Check out Danny and Lauren's awesome online portfolios: and
Kathie sits by her ISP creation which can be found on the IslandWood website!
(Check it out!
The day ended with an extremely special treat.  The grads and the Ed team visited the home of IslandWood’s founders Debbie and Paul Brainerd.  Debbie hosted a beautiful lunch that can be summed up by Chuck’s exclamation: “This is even nicer than my wedding!” After a year of peanut butter and jelly sandwiches, it was extremely rewarding to be treated like royalty for an afternoon. We shared stories and hugs with Debbie - before it was time to hang with our families before the BIG DAY!
Bonnie, Danny, and Karen engage in intense discussion at the luncheon
Kat and Cassie naturalize at the beach in front of the Brainerds
The UH-mazing spread!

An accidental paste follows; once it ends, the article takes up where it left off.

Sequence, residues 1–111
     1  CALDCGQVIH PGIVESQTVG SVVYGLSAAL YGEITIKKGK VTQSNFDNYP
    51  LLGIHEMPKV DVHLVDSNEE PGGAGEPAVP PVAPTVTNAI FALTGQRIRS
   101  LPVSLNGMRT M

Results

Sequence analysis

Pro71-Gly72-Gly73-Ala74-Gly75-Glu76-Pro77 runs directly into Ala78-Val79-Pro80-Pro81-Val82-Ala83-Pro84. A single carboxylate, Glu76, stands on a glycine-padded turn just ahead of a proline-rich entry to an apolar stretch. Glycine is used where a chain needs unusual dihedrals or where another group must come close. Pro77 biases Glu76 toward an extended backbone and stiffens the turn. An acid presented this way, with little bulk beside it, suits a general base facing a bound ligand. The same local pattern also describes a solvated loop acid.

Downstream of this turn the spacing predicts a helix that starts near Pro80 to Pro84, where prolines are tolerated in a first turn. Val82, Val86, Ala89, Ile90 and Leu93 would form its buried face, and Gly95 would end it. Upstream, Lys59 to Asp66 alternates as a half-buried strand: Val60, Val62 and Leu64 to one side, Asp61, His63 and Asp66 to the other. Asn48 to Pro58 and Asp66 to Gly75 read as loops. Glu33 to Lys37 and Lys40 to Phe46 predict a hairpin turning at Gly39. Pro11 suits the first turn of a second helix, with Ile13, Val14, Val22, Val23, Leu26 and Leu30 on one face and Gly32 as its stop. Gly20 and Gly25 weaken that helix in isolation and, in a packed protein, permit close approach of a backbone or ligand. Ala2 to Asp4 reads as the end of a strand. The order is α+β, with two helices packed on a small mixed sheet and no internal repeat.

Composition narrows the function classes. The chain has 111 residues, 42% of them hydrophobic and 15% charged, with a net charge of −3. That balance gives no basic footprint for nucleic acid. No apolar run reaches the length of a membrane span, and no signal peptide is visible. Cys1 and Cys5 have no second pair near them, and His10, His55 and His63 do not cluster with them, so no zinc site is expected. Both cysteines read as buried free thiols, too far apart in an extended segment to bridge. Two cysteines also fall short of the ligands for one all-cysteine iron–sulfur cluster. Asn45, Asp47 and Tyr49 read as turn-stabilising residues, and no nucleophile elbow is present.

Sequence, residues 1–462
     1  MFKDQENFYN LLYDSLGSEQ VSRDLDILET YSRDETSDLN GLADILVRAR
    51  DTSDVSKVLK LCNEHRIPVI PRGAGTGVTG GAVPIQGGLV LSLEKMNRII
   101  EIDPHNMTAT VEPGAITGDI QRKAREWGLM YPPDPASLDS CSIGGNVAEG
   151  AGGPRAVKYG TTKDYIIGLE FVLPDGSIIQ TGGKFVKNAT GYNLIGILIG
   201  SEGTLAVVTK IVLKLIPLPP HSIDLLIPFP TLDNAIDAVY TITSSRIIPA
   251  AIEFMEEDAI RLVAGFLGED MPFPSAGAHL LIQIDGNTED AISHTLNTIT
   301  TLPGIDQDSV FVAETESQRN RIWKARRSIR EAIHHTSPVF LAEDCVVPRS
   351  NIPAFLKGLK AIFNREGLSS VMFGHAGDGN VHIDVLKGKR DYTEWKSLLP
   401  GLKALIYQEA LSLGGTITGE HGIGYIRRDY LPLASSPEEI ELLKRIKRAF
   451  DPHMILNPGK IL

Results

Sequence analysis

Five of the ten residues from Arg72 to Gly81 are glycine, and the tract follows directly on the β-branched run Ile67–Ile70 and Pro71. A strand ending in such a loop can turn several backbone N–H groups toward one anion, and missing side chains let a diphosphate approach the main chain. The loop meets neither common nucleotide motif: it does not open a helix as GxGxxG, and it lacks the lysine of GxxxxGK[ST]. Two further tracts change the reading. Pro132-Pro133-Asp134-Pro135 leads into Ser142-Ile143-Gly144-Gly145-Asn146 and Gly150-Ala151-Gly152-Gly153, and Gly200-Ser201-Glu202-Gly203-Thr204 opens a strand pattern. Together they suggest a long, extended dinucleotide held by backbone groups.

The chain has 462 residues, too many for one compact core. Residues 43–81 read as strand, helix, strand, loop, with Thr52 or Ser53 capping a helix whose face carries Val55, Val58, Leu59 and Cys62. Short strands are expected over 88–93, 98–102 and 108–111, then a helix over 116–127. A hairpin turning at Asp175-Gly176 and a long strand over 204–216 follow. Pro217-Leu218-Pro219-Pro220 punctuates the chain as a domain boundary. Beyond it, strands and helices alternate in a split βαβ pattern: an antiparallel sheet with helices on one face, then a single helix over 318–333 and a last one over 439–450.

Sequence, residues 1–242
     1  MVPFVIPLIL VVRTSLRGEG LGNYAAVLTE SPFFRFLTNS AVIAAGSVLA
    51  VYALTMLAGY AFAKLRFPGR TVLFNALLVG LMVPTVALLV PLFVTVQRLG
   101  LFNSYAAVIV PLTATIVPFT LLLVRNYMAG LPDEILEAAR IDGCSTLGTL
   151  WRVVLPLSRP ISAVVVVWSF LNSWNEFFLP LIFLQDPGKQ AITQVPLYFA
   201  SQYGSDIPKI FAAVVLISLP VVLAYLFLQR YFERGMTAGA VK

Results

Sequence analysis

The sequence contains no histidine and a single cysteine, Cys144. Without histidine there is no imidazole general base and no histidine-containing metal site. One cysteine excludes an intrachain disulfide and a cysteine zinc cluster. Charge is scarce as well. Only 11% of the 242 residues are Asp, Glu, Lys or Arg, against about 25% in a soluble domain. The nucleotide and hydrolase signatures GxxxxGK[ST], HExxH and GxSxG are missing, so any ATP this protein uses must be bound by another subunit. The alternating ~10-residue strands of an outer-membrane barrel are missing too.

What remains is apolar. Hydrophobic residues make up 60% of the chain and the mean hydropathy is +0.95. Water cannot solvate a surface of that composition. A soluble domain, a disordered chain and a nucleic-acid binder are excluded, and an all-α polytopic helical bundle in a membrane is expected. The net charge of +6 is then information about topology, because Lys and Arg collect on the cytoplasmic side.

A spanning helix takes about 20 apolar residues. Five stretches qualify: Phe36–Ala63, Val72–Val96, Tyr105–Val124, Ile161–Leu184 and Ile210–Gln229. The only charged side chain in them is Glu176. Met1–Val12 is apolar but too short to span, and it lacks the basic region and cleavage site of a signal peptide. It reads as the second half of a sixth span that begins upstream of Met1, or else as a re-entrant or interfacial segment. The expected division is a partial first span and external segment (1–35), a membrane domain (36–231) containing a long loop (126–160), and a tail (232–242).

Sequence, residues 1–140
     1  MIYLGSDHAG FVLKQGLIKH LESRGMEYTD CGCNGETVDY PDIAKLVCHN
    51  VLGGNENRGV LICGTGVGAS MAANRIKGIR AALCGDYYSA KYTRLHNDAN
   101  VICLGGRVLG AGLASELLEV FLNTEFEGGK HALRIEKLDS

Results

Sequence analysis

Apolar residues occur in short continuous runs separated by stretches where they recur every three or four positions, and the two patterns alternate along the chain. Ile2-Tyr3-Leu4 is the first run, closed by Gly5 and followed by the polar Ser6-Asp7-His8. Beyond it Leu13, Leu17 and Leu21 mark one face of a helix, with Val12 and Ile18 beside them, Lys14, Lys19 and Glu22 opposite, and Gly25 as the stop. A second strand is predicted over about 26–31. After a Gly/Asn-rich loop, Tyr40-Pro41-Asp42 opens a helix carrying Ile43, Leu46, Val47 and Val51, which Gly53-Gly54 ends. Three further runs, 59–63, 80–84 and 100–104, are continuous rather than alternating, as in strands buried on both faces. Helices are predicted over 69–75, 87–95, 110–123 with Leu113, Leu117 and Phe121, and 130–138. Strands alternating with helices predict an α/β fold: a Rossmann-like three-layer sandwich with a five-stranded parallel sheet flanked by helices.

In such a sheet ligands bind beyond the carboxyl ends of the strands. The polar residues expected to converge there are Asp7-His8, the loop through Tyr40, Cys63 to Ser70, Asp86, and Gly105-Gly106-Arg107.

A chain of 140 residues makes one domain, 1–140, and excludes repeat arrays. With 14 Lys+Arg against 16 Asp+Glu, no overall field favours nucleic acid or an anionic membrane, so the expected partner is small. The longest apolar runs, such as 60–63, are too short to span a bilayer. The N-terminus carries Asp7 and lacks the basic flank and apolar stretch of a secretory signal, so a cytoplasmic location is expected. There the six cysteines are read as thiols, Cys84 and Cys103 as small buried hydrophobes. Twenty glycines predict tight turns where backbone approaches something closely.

Empty plates and happy hearts
We hang with kids all day - don't judge.
Part two coming soon! (Don't worry - it's already in the works)

Monday, June 6, 2011

Make a Difference Summit

School Overnight Program alums reunited with IslandWood on May 25th at KCTS Studios in Seattle for the annual Make a Difference Summit. Students from JDS, St. Edwards, Bailey Gatzert, Evergreen, Kimball and John Muir elementary schools showed off their continued acts of stewardship as they shared with the group all of the hard work they have done in their communities over the past few weeks and months.

Planting gardens was just one of the many impressive and awe-inspiring projects presented by JDS
After a warm welcome from John Haskin - IW's Director of Education, KCTS' Community Outreach Coordinator Tony Gomez, and State Farm's (a company whose generous donations made the event possible!) Nancy Carpenter, JDS were the first school to share their work. We were captivated by the persuasive essays they wrote to different businesses and organizations, the incredible fundraising projects they overtook, and the support they showed for local animal shelters and food shelters.

Students wait for their moment to shine at the amazing KCTS Studios